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May 31 2013

14:08

This Week in Review: Debating journalists’ role in DOJ seizures, and Facebook tackles hate speech

james-rosen-fox-news

Blame for both the DOJ and journalists: The story of the U.S. Department of Justice’s seizure of news organizations’ phone and email records moved into “who knew what and when” stage, especially regarding the case of Fox News reporter James Rosen. Fox didn’t know Rosen’s phone records and emails had been taken until it became public last week, but The Wall Street Journal reported this week that its parent company, News Corp., was notified by the DOJ in 2010 but didn’t tell Fox.

News Corp. issued some mixed signals in response, initially saying it had no record of notification from the DOJ but eventually conceding that it didn’t dispute the DOJ’s claim that notification was sent. The New Yorker’s Ryan Lizza put forward a theory as to why it’s in News Corp.’s interest to be more deferential to the Obama administration DOJ, but in Fox News’ interest to be more antagonistic. However, The Atlantic Wire’s Elspeth Reeve noted that Fox News doesn’t have a very good track record on advocating for journalists’ freedom in these cases.

The metastasizing issue — coupled with the DOJ’s seizure of what the Associated Press claims is “thousands and thousands” of its phone records — has led Attorney General Eric Holder to plan a meeting with the top representatives of several major news organizations to hash out guidelines for DOJ intrusion. Several news organizations, including The New York Times and AP, announced, however, that they wouldn’t attend the meeting because it’s set to be off the record. The Daily Beast’s Daniel Klaidman wrote a thorough piece on Holder’s regrets in these cases, saying that it’s not part of the progressive image in which he views himself, and Salon’s Alex Pareene explained why Holder’s likely to keep his job despite the outcry.

In a pair of stories, The New York Times reported on the remarkable scale of many of the Obama administration’s leak inquiries and journalists’ charges that such efforts are creating a chilling effect on investigative journalism on the federal government. Glenn Greenwald of The Guardian expressed his dismay at journalists’ lack of action against the administration’s actions: In the current climate, he said, “it’s very difficult to imagine the US press corps taking any meaningful steps to push back against these attacks. And as long as that’s true, it’s very hard to see why the Obama administration would possibly stop doing it.”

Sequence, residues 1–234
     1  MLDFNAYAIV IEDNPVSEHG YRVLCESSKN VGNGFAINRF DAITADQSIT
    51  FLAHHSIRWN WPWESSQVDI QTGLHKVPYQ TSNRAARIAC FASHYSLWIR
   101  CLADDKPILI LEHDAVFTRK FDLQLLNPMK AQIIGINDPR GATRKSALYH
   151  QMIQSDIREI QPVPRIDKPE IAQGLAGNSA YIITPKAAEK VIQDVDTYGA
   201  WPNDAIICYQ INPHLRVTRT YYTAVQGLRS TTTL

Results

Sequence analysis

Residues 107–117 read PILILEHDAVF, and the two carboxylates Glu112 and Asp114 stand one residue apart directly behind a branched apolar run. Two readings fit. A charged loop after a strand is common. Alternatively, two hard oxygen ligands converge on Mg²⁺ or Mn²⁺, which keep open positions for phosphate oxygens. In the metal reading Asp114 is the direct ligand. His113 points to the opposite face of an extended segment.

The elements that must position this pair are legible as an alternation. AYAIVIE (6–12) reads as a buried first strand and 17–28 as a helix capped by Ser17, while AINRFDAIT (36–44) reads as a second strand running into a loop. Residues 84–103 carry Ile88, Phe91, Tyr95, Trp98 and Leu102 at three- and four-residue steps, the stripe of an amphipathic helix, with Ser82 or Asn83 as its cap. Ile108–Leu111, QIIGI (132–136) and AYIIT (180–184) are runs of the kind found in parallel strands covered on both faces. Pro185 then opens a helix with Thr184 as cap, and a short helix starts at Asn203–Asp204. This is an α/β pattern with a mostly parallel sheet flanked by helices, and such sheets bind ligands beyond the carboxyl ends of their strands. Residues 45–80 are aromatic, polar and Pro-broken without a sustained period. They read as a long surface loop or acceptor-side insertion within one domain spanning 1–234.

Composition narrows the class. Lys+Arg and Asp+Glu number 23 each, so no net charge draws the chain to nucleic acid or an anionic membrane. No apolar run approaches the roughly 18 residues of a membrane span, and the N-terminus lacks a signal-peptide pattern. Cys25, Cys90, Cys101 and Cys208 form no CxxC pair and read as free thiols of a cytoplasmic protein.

At the same time, several others argued that the press’s self-defense reaction is a bit too knee-jerk in this case. Slate’s Fred Kaplan and The Washington Post’s Walter Pincus both argued that Rosen’s source was not a whistleblower exposing corruption but someone simply breaking the law and revealing harmful information. And Reuters’ Jack Shafer contended that Obama has not declared war on the press, as his crusade against leaks has been much more on the supply side than the demand side.

Still others, including Peter Sterne of the New York Observer and Matthew Cooper of the National Journal, were concerned that the proposed shield law wouldn’t do enough to protect journalists. Kevin Drum of Mother Jones tried to find a middle way between their concern for journalists and the objections of those such as Pincus.

Facebook rape ad

Facebook, hate speech, and censorship: Yet another debate over Facebook’s control over its users’ content simmered this week, though it was a bit different from the privacy flaps of the past. A coalition of feminist groups called Women, Action, and the Media wrote an open letter to Facebook last week urging it to remove content that trivializes or glorifies violence against women, noting that Facebook already moderates what it considers hate speech and pornographic content.

The groups also campaigned to Facebook’s advertisers, succeeding in getting several of them to pull their advertising until Facebook took some action. Facebook ultimately responded by posting a statement saying it hadn’t policed gender-related hate speech as well as it should have and vowing to take several steps to more closely moderate such content. The New York Times has a good, quick summary tying together the advertiser campaign and Facebook’s response.